The stone and wooden box of the robbed burial had been placed on the ceiling of the woman’s vault. It was conclusively established that one of the buried had been killed – in all likelihood, he was to accompany the dead woman to the “other” world, as was the adolescent found in the same burial. This is not typical of the Pazyryk culture. Actually, judging by the diggings of the “tsar” burials of the Pazyryk burial ground, the graves often contained two people—a man and a woman—and it was hardly the case of living a long and happy life together and dying on the same day. Undoubtedly, one of the two had been killed to accompany the dead one.
What is interesting in this story is that the people buried on the ceiling of the vault had saved the main burial and the woman’s mummy from robbery and desecration. The robbers who had penetrated the kurgan (these could have been Xiongnu, who replaced the Pazyryks on this area in the early 3rd – late 2nd century BC) reached the first burial, robbed and desecrated it. The idea that there was another burial in the same kurgan must have never occurred to them, though the burial was right at hand. Having checked on one of the kurgans and satisfied themselves that there was nothing worthy of their efforts there, the robbers did not try their luck in the other kurgans located nearby. In this way, a whole complex of intact, often unique, “frozen” graves of Ukok Pazyryks has been preserved for archaeology.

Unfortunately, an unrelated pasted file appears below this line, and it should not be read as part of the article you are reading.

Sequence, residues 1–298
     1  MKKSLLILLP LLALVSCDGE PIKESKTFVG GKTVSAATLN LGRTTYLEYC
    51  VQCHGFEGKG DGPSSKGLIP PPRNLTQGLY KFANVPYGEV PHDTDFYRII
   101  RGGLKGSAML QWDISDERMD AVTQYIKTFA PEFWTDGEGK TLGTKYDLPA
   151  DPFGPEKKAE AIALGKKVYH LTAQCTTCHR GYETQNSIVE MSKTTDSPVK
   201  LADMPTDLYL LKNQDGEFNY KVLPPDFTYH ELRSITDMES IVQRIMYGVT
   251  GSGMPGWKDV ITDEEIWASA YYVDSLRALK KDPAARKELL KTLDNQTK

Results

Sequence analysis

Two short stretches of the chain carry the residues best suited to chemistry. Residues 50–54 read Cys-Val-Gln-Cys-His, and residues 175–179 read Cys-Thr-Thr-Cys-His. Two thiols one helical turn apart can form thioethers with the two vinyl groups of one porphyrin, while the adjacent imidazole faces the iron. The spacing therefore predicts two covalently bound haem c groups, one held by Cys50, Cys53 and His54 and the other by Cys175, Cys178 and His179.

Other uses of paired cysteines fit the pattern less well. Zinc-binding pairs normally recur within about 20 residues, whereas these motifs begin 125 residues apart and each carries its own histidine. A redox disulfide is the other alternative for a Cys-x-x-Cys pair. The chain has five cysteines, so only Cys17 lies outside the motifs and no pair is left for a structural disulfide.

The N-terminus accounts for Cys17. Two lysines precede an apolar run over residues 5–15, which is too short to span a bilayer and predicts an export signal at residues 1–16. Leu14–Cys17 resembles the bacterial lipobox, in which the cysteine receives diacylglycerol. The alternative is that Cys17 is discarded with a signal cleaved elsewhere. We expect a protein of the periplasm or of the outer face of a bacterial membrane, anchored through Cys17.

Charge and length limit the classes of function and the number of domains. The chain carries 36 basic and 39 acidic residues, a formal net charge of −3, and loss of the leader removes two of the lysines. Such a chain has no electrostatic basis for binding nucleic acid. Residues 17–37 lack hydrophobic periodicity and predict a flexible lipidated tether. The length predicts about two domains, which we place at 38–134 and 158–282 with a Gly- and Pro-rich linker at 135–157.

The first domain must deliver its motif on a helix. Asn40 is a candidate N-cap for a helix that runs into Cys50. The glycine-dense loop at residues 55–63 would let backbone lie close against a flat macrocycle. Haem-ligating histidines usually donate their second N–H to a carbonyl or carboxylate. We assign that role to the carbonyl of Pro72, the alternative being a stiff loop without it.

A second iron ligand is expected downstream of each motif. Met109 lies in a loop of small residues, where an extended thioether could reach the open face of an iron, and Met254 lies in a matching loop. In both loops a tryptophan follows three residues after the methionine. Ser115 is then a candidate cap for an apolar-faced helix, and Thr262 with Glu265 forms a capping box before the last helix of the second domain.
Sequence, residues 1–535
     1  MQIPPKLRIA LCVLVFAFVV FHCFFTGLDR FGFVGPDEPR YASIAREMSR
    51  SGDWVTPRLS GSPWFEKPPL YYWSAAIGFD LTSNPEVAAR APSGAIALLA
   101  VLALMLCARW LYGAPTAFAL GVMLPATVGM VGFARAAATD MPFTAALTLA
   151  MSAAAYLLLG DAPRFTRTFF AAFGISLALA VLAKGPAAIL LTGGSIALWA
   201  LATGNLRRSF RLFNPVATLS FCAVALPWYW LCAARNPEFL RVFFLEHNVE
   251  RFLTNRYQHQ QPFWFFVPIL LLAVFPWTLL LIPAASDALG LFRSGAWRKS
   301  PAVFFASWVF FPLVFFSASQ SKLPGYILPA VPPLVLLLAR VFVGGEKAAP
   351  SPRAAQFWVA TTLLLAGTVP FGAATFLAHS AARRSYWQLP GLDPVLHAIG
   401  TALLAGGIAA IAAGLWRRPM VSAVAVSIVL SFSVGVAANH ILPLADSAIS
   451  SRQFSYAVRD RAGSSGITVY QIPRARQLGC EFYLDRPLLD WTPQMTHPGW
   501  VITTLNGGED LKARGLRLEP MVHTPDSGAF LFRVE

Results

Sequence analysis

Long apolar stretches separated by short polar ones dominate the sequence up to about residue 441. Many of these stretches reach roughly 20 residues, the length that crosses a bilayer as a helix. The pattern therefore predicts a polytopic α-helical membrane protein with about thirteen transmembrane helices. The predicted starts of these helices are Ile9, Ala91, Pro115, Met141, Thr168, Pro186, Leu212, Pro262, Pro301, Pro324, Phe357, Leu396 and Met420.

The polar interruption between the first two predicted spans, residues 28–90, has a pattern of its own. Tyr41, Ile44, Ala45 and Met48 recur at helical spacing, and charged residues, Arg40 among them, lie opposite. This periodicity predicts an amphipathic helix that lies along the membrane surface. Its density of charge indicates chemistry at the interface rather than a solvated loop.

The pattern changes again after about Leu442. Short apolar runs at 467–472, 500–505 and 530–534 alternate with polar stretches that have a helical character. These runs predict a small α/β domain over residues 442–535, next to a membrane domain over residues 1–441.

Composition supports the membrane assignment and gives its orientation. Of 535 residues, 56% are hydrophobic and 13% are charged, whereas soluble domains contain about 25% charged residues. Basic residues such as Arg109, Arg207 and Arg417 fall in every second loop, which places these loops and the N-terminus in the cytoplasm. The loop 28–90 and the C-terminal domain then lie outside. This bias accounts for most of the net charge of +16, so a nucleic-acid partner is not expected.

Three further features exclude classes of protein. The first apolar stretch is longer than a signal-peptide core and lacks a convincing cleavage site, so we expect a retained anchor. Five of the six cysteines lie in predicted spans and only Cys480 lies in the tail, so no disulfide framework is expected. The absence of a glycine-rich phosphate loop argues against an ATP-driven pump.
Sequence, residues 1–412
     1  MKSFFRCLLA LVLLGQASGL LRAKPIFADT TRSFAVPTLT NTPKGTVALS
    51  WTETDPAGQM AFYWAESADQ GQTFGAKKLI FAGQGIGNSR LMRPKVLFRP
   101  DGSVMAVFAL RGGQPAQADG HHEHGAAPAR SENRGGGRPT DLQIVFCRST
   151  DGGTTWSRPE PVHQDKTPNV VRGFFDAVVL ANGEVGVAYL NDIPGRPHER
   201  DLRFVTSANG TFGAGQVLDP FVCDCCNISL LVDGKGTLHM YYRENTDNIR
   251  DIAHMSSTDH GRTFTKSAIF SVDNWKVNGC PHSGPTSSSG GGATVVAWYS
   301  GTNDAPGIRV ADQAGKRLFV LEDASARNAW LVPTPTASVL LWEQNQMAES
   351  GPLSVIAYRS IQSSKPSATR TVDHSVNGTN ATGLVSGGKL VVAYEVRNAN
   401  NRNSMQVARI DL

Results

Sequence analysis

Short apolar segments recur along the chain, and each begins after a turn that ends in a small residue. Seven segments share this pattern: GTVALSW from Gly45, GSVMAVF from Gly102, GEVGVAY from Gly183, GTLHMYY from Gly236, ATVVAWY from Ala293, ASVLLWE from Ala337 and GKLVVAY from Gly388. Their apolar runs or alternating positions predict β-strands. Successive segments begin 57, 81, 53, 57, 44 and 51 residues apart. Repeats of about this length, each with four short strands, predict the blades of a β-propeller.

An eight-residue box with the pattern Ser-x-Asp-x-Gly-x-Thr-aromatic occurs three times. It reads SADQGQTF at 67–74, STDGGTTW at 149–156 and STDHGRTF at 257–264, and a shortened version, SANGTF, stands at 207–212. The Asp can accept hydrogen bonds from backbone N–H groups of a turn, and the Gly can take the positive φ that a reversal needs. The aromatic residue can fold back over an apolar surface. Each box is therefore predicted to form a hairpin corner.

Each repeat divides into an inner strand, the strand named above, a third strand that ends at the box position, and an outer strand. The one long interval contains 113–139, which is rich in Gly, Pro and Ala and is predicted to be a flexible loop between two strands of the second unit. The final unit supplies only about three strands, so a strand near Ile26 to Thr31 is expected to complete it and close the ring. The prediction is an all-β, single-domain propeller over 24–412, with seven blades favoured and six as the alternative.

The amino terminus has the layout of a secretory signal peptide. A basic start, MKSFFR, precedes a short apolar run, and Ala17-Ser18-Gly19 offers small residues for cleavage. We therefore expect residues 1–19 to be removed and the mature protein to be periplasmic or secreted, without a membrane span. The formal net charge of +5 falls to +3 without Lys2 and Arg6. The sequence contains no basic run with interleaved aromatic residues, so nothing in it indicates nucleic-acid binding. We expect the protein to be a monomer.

The mummy is considered to be much more informative of a person’s physical appearance than the skeleton but this is not true. For example, a detailed anthropometric examination of the female/woman’s mummy from the Pazyryk kurgan 1 of the grave ground Ak-Alakha 3 became possible only because not the whole of the dead body had preserved to the same degree and some bones of the skeleton including the skull were accessible for measurements
Ultimately, the people buried on the ceiling of the Pazyryk vault had fulfilled their mission: they saved and preserved the incorruptible body of a respected woman. But what were they, inferior and dependable? And what was she?